"The Silence" is about the emotional distance between two sisters. The younger one is still attractive enough to pick up a lover in a strange city. The older one -- even though she is very ... See full summary »
Andreas, a man struggling with the recent demise of his marriage and his own emotional isolation, befriends a married couple also in the midst of psychological turmoil. In turn he meets ... See full summary »
The Russian poet Andrei Gorchakov, accompanied by guide and translator Eugenia, is traveling through Italy researching the life of an 18th-century Russian composer. In an ancient spa town, ... See full summary »
A young woman, Karin, has recently returned to the family island after spending some time in a mental hospital. On the island with her is her lonely brother and kind, but increasingly ... See full summary »
Max von Sydow
A man wanders out of the desert after a four year absence. His brother finds him, and together they return to L.A. to reunite the man with his young son. Soon after, he and the boy set out ... See full summary »
Harry Dean Stanton,
"The Silence" is about the emotional distance between two sisters. The younger one is still attractive enough to pick up a lover in a strange city. The older one -- even though she is very ill -- would like to make a human connection also but cannot leave the hotel room. Traveling with the sisters is a small boy who escapes into the hotel, meets a troupe of dwarfs. Which sister is this little boy's mother? Written by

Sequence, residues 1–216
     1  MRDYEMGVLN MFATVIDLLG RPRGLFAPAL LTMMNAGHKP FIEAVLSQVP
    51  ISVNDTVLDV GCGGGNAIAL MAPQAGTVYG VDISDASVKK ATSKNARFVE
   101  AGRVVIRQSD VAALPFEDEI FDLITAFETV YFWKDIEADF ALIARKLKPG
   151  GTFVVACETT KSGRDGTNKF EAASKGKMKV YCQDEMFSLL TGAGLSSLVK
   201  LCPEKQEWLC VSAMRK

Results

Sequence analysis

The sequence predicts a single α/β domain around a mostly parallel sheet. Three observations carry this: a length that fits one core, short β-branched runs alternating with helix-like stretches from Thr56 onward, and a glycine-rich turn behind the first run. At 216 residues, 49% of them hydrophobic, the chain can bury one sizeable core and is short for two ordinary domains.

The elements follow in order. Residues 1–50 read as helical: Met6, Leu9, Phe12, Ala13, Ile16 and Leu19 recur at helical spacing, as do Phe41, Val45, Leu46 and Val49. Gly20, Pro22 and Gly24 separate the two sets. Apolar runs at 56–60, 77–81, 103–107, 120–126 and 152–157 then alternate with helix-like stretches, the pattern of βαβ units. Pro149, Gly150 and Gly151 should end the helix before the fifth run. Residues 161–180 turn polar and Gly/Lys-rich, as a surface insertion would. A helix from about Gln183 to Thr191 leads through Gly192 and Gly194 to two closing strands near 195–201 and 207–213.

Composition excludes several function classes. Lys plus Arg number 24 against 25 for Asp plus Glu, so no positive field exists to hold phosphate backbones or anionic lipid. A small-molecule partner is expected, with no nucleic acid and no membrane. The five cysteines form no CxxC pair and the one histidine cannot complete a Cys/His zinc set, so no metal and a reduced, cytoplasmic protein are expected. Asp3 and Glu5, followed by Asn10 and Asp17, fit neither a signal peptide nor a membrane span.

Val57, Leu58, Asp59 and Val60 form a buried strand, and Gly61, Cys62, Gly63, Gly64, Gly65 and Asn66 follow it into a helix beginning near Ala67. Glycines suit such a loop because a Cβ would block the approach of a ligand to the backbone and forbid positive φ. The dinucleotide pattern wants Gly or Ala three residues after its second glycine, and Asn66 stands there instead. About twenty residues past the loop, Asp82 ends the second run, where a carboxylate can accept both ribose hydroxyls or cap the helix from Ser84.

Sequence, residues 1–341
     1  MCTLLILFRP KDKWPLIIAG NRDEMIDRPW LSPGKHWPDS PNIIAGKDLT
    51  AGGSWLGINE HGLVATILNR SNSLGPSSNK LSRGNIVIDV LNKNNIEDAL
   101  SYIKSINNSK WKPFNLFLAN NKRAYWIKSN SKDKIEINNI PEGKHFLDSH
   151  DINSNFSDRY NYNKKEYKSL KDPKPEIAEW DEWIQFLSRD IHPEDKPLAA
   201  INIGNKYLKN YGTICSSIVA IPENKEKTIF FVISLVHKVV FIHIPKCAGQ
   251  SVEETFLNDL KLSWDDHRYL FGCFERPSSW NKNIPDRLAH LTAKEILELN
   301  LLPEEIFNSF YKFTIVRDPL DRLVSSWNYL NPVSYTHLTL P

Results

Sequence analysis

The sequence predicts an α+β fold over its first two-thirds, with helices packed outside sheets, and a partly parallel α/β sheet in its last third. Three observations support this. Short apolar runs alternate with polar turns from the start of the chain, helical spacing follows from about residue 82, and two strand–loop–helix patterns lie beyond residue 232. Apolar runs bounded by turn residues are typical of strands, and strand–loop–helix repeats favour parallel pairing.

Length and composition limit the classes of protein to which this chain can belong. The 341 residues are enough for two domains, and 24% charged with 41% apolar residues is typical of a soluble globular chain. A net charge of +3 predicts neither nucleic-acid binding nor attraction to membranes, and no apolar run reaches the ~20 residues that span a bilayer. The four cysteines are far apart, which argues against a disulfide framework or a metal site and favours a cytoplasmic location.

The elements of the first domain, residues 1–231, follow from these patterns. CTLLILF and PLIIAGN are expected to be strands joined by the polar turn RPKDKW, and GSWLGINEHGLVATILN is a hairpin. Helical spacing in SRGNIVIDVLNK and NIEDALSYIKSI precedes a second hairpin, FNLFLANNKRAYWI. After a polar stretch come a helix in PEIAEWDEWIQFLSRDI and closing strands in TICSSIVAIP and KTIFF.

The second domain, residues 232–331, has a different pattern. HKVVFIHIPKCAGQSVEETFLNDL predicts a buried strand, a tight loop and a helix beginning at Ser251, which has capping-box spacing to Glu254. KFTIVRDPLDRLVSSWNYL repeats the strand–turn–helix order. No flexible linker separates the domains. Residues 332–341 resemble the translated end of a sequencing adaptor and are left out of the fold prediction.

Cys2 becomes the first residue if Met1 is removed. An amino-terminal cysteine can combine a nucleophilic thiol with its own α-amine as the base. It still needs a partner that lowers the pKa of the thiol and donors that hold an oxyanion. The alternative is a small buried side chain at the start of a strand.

Dale O'Connor <email@example.com>
The chief censor was in holiday when this movie was approved. See more »
What have I done to deserve this?
Nothing in particular. It's just that you always harp on your principles and drone on about how important everything is. But it's all just hot air. You know why? I'll tell you. Everything centers around your ego. You can't live without feeling superior. That's the truth. Everything has to be desperately important and meaningful... and goodness knows what.
How else are we to live?
I used to think you were right. I tried to be like you, because I admired you. I ...
[...] See more »
The title of a dark and erotic final chapter of "faith" trilogy may sum up Bergman's own philosophy regarding religion and God "God has never spoken because He does not exist". Bergman mentioned that he wanted to make a film with as little dialog as possible because "he had made many films with a lot of talking". He wanted "The Silence" to be a pure cinematographic experience where the images do all the talking. The films centers on two sisters, Ester (Ingrid Thulin) and Anna, (Gunnel Lindblom) to whom Ester is physically attracted. Esther, Anna and her 10-year-old son travel together and had to stop in a hotel located in an unnamed European country due to Esther's serious illness.
The film may be viewed on several levels -as the story of two sisters who apparently used to be close but are not able to communicate and understand one another anymore. Or it can be interpreted as a parable of Sensuality, Intellect, and Innocence, that cannot coexist in the world where God does not exist. As with every great and intelligent work of art, "The Silence" has so much to offer to its viewer, it's got so many questions to ask and it does not provide the easy answers.
Complex, suffocating, screaming through the silence, poignant, passionate, harrowing yet strangely hopeful and even funny sometimes - this is an unforgettable film, a masterpiece, a hidden treasure that has to be rediscovered and to receive as much praise and admiration as "Persona" and "Cries and Whispers" - for both of which "The Silence" was an inspiration. The acting by two Bergman's actresses is a miracle (as usual) as well as Sven Nykvist's camera work in creating the claustrophobic world where silence cries, whispers, and kills...
30 of 33 people found this review helpful.
Was this review helpful to you?